Convenient Web conferencing supports all size groups and many purposesThe Web conferencing component of Lotus Sametime provides similarly impressive advantages to IBM and is embedded in the environment as an indispensable tool.
Like instant messaging, Web conferencing is set up as an extranet service and is available to both employees and external users. Only employees can schedule Web conferences, but customers and business partners can participate in them.
They do not need any special access to join meetings to which they have been invited; they can just click on the meeting URL and enter the password to join in.
“The immediacy and spontaneity of instant messaging help bring together individuals and teams—very important in a company where people in the same department may be in different states or countries. The cost savings from use of Lotus Sametime instant messaging is staggering.”
— Chris Pepin Senior Architect IBM
Web conferencing is part of a suite of e-meeting services IBM provides for its employees, which also includes Webcasts and audio and video conferences. But Web conferencing is by far the most heavily used. There are roughly 1,000 Web conferences per day, involving 5,000 participants and ranging in size from small group or team meetings to division- or company-wide gatherings. Web conferences are most frequently used for sales and technical training, team project work, new product introductions and for conveying updates and strategic direction at all-hands events. Web conferences help get everyone on the same page no matter where or how they work.
A pay-per-use funding model is used in which charges are generated back to the departments of the meeting moderators. Fees are based on the lengths of meetings and numbers of participants, and they are nominal—similar to a per-minute charge for using a phone. This model gives IBM fine control over who is using the services and extensive usage statistics, plus helps in managing IT costs.
Web conferencing delivers return on investment
Teams and groups need to be able to meet without unnecessary time loss and the inconvenience of travel, whether the members are distributed locally or globally. The availability of Web conferencing reduces the need for co-located work and helps to improve meeting effectiveness while reducing travel and related costs. The cost savings for IBM are significant. It has been estimated that Web conferencing helps IBM avoid about US$8 million per month in travel costs, or about US$96 million annu- ally. This estimate using figures from 2006 was based on number of meetings a year requiring travel, average number of participants per meeting, percent of people who would travel if there were no other option, price of travel per person, and average travel savings per month. Productivity enhancements from avoidance of travel and support of mobile workers were also taken into account.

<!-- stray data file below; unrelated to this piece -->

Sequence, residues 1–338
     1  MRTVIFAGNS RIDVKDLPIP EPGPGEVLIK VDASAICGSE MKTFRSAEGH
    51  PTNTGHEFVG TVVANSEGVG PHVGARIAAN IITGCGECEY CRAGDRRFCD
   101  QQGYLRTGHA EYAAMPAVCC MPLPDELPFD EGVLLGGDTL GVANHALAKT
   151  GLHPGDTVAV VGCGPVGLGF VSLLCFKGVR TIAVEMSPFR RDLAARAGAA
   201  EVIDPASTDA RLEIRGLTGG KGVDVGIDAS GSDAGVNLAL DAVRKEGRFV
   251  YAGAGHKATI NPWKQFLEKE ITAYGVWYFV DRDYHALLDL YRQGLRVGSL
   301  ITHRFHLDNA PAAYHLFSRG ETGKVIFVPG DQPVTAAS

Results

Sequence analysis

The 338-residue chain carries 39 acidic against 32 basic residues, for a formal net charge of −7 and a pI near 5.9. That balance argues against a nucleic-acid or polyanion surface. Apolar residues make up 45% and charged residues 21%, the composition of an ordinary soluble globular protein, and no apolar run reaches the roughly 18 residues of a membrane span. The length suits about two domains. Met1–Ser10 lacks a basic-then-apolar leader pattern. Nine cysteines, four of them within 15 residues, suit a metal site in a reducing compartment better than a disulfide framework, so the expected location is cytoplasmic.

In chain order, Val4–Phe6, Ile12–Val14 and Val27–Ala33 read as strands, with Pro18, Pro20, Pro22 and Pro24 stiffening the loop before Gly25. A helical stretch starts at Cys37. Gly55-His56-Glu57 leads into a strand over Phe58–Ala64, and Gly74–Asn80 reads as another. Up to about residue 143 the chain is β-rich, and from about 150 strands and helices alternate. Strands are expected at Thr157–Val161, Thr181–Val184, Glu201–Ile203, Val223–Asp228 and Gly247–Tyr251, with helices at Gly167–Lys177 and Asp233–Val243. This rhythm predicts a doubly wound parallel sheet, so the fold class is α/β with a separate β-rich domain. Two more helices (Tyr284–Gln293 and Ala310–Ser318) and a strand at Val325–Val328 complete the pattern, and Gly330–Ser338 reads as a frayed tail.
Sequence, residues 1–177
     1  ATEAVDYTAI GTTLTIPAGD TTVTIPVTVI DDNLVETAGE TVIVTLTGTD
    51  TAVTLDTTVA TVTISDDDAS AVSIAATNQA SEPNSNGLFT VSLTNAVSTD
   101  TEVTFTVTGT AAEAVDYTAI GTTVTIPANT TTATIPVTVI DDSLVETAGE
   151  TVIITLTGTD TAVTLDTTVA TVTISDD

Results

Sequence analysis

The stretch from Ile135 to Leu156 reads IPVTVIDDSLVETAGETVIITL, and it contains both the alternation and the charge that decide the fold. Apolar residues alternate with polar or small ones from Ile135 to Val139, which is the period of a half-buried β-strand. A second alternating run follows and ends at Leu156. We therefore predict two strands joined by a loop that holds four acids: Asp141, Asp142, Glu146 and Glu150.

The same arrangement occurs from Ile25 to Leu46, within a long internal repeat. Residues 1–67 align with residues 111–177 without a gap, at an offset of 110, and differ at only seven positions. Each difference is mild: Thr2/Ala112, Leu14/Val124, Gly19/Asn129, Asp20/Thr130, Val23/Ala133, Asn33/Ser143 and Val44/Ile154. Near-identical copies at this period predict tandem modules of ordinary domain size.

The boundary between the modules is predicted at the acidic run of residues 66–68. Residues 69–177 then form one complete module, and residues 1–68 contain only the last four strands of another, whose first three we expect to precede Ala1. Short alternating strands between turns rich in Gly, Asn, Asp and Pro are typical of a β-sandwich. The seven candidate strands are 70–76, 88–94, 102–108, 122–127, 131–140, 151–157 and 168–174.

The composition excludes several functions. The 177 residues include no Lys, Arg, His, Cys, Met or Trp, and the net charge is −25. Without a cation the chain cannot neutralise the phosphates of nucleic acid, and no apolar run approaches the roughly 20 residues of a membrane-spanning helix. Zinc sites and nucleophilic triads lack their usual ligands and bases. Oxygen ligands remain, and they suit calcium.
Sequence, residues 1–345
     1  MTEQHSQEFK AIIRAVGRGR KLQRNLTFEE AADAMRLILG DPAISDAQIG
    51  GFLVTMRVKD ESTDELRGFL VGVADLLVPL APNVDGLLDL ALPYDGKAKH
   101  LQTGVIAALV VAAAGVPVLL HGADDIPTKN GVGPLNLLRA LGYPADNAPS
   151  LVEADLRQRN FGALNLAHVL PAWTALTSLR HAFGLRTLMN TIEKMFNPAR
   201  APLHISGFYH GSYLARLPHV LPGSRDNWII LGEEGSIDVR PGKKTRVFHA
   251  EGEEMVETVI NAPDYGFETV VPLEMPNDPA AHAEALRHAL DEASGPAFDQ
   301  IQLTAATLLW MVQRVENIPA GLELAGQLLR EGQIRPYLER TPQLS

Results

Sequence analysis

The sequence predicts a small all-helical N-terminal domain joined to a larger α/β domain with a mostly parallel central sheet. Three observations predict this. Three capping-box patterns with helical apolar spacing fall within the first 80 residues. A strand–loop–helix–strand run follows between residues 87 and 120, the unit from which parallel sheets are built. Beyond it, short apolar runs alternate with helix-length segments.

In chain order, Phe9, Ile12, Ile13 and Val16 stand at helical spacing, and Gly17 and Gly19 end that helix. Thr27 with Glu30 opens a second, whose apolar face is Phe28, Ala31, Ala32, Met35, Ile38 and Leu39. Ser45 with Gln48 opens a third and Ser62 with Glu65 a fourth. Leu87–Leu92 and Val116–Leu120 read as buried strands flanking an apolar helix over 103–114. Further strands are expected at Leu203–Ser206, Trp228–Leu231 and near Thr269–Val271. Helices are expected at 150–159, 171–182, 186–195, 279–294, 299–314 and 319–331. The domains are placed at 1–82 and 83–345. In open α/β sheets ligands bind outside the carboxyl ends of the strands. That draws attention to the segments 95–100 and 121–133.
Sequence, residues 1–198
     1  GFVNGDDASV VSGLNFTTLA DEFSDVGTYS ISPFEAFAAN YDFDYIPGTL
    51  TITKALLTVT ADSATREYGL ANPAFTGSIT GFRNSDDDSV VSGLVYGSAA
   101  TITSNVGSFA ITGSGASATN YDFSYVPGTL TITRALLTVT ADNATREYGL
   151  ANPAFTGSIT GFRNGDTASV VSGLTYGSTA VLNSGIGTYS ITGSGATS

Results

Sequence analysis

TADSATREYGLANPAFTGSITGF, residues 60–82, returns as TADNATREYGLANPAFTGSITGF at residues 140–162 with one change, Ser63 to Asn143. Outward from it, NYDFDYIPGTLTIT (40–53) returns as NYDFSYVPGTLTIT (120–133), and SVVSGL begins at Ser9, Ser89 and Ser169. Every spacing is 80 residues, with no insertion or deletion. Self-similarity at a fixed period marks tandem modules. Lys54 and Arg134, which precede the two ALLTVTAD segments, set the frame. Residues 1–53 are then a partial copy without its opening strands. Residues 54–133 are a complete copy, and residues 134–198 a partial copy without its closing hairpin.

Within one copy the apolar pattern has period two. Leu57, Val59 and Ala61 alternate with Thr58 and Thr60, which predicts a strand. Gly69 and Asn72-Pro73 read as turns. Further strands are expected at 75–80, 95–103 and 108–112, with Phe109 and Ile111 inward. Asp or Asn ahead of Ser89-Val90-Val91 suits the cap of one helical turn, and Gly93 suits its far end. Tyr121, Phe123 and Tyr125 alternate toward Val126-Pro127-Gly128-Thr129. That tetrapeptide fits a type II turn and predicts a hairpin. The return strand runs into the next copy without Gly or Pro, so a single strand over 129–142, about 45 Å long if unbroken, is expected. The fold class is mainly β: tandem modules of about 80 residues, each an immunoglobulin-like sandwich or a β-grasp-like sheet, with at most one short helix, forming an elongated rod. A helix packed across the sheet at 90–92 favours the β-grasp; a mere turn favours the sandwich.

As with instant messaging, it costs IBM a small fraction of this amount to run the Web conferencing service. So just in this one small area—reducing travel—Lotus Sametime Web conferencing can deliver a dramatic return on investment. Added to that are the cost benefits that stem from greater meeting effectiveness and support
“The flexible options of instant messaging, Web conferencing and voice over IP give users the freedom to choose the mode by which they communicate in real time. Costs are down, customer satisfaction is up and people are more productive.”
— Chris Pepin Senior Architect IBM
Lotus Sametime 7.5.1 unifies communications and collaboration
IBM is currently upgrading to the Lotus Sametime 7.5.1 release. More than an application, Lotus Sametime is the software platform upon which the IBM Unified Communications and Collaboration (UC2TM) strategy is built. A UC² strategy makes it simple for people to find, reach and collaborate through a unified user experience.
Lotus Sametime 7.5.1 is an open, extensible platform that in addition to security features and enhanced instant messaging and Web conferencing capabilities, offers integrated VoIP within the enterprise, location awareness, managed interoperability with supported public instant messaging networks, mobile clients, integration with Microsoft Office and Outlook® software, and telephony and video integration. These capabilities can be further integrated within business processes and line of business applications. This ubiquitous access through deep integration of the communications and collaboration environment facilitates a global, collaborative culture by making it simple to locate expertise, innovate and make collective business decisions—all while reducing the cost and time required to bring the right people together.
IBM targets specific gains with Lotus Sametime upgrade
IBM’s upgrade to Lotus Sametime 7.5.1 software is spurred by several immedi- ate objectives. A primary driver is the need to standardize on a single supported instant messaging client that meets the needs of the business. Standardizing on a single version of the Lotus Sametime client is also a more cost-efficient way to operate, and provides capabilities from leading networking and communications Business Partners that support the IBM UC² strategy.